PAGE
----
A MAN has been prosecuted for selling counterfeit goods online.

John Paul Harrison, of Burma Road in Oswestry, appeared in Llandrindod Wells Magistrates Court where he pleaded guilty to four offences under the Trade Marks Act 1994.

Magistrates heard how the defendant had established his supply chains into Powys and was selling counterfeit goods of major brands including Adidas, Chanel, Super Dry and Ugg on Facebook.

The business had been operating for two years and Harrison advertised goods using various Facebook groups, with orders coming to his account.

The defendant facilitated orders in the region of five a day for 200 days each year, with each order being worth £25.

The counterfeit goods were purchased from Manchester to order and then supplied to a network of contacts made via Facebook.

Magistrates sentenced Harrison to a 12-month community order and ordered him to carry out 150 community service, reduced to 120 hours as a result of his early guilty plea.

He was also ordered to pay £7,864 costs which he will have to repay at £20 per week.

Traders and individuals who decide to supply counterfeit goods over the internet could face legal action with substantial penalties, as well as losing all the money they have made from their criminal activities, Powys County Council has warned.

The warning has been issued by the council's Trading Standards Service after it successfully prosecuted one defendant at court this week for selling counterfeit good online.

Councillor James Evans, Powys County Council Cabinet member for Trading Standards, said: “We support legitimate businesses and local tax payers by targeting illegal shadow economy activities such as product counterfeiting by individuals, who have little regard to the county's traders and only seek to further destabilise our economy.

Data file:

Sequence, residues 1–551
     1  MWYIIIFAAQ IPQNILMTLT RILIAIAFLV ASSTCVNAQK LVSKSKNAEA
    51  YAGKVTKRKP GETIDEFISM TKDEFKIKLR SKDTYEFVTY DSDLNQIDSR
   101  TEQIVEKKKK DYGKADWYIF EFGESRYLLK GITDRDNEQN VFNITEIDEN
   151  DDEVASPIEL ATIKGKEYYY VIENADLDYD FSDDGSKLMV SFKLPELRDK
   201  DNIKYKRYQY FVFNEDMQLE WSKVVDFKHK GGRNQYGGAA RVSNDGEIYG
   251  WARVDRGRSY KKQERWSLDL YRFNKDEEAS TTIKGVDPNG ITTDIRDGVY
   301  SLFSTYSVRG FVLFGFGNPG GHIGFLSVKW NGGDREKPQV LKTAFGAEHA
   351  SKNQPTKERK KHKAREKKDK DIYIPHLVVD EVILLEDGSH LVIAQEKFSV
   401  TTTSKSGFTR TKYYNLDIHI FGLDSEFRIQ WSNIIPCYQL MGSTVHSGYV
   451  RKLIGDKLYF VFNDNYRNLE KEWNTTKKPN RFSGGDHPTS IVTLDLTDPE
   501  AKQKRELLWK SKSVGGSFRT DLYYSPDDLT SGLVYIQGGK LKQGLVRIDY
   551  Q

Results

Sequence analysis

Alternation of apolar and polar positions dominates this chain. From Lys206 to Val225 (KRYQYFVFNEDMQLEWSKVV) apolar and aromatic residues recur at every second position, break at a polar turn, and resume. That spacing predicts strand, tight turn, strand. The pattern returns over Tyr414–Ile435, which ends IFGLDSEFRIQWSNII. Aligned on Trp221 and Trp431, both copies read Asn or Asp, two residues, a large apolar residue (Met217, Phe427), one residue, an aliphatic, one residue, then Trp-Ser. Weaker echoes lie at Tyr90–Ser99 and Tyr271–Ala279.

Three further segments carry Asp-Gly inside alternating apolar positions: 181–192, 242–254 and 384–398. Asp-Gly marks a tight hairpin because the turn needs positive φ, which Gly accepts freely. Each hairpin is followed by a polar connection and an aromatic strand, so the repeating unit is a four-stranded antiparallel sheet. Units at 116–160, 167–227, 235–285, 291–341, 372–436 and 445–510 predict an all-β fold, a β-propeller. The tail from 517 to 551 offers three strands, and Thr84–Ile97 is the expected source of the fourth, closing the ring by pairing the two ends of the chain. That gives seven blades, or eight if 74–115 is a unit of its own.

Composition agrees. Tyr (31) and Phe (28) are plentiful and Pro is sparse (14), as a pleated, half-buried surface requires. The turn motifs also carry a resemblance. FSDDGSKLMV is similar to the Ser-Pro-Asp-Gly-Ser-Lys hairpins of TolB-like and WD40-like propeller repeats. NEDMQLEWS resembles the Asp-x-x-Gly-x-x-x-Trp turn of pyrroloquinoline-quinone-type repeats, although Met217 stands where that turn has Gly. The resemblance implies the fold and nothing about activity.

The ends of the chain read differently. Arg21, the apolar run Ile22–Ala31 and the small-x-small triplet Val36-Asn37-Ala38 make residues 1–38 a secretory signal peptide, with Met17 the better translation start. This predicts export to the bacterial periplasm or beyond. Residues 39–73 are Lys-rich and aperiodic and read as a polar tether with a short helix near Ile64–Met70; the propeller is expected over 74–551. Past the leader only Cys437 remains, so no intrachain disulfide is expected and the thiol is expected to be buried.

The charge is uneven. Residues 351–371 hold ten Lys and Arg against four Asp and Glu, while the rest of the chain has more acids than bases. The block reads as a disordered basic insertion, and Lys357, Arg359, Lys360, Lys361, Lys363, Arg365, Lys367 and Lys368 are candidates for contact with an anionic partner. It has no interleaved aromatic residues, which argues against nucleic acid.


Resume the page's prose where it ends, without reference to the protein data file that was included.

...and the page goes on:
"Firm action is needed on any issues related to product counterfeiting to promote fair trading within our community and to take the criminal benefit away from those that conduct in criminal activity.

“We will continue this work to support the intellectual property rights of our local businesses, the wider business community and also the safety of the public in general.”

Clive Jones, the council’s professional lead for Trading Standards, community safety and emergency planning, said: “Counterfeiting is a serious criminal offence and, like any criminality, involves other kinds of loss on which it is difficult to place an exact value.

“What we encounter is individuals solely looking at profit, with no experience in the product they are importing or buying, no knowledge of legitimate supply chains or the original product or concern about the safety of the product they are selling and who don't care about what effect it has on legitimate trade. We will stamp these practises out through education and enforcement.

“Our surveillance on illegal activity involving counterfeiting is increasing and we ask users of auction sites or any person offered suspected counterfeit goods to be vigilant and to warn us of any suspicious sellers through our contact points. Alternatively ring Crimestoppers on 0800 555 111.

The council's Trading Standards Service can be contacted on Brecon 01874 623 420; Llandrindod Wells 01597 826 032; Newtown 01686 617 524.

Alternatively email trading.standards@powys.gov.uk or visit www.powys.gov.uk/tradingstandards.